- Elgar original reference
Edited by Christopher J. Coyne and Rachel L. Mathers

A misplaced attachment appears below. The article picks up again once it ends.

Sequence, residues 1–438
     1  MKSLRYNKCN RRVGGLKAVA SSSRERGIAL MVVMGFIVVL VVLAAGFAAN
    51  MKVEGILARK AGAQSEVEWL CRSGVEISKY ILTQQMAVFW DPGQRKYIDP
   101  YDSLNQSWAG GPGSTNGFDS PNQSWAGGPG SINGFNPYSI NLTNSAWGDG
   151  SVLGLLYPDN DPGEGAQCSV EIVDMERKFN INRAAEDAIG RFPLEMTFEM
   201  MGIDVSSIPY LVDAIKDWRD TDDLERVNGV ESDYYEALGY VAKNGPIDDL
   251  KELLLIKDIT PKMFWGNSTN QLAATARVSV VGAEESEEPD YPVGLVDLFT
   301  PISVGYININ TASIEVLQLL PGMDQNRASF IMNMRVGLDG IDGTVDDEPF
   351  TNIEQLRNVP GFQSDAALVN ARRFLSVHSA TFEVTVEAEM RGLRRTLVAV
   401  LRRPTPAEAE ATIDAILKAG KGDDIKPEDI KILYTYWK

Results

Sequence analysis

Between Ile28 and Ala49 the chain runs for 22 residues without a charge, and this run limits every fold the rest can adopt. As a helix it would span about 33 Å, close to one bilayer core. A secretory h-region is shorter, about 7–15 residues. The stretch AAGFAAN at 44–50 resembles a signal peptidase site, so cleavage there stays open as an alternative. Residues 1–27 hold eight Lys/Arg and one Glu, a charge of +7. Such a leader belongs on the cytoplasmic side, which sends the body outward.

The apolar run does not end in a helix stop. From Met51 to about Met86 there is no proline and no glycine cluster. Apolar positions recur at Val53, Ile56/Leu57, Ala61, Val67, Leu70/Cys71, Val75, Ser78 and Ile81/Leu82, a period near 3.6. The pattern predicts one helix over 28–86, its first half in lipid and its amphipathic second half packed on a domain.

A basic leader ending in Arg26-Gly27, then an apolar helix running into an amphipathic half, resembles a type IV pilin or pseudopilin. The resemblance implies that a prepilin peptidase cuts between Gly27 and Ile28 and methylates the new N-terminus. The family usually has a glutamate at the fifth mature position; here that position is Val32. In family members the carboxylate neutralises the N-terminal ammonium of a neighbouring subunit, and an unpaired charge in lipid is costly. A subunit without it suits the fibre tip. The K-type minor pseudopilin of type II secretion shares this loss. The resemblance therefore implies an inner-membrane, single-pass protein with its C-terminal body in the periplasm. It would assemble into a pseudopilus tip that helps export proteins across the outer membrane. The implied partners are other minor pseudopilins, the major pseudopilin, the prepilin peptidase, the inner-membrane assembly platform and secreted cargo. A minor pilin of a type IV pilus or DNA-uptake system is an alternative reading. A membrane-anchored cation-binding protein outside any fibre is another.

26 Sanctions as alternatives to war David Cortright and George A. Lopez 26.1 INTRODUCTION Manipulating trade relations and offering or withholding economic assistance, private investment and favorable trade conditions have been tools by which regimes have long been able to influence each other’s policies. Authors such as Albert Hirschman, David Baldwin and Richard Rosecrance have described the important role that such economic incentives and sanctions have played in international affairs. (Hirschman 1980; Baldwin 1985; Rosecrance 1987). In recent decades, the use of economic sanctions and incentives has become quite frequent. Since World War II, the United States has employed sanctions and other tools of economic influence frequently in the conduct of foreign affairs. In the post-Cold War era the UN Security Council has become increasingly active in imposing multilateral sanctions. In the 1990s, the European Union and the British Commonwealth utilized economic sanctions and incentives as primary means of influencing other states. In recent years, the Organization of American States and the African Union have also utilized multilateral sanctions against their own members. Sanctions are imposed for a wide range of foreign policy purposes that in earlier days would have drawn states into war. In recent decades, nations have adopted sanctions to promote democracy and human rights, to enforce international law and resolutions of the UN Security Council, to prevent military aggression and armed conflict, to encourage military demobilization and post-conflict reconstruction and to counter terrorism and prevent the proliferation of nuclear weapons. They are means of applying pressure against...
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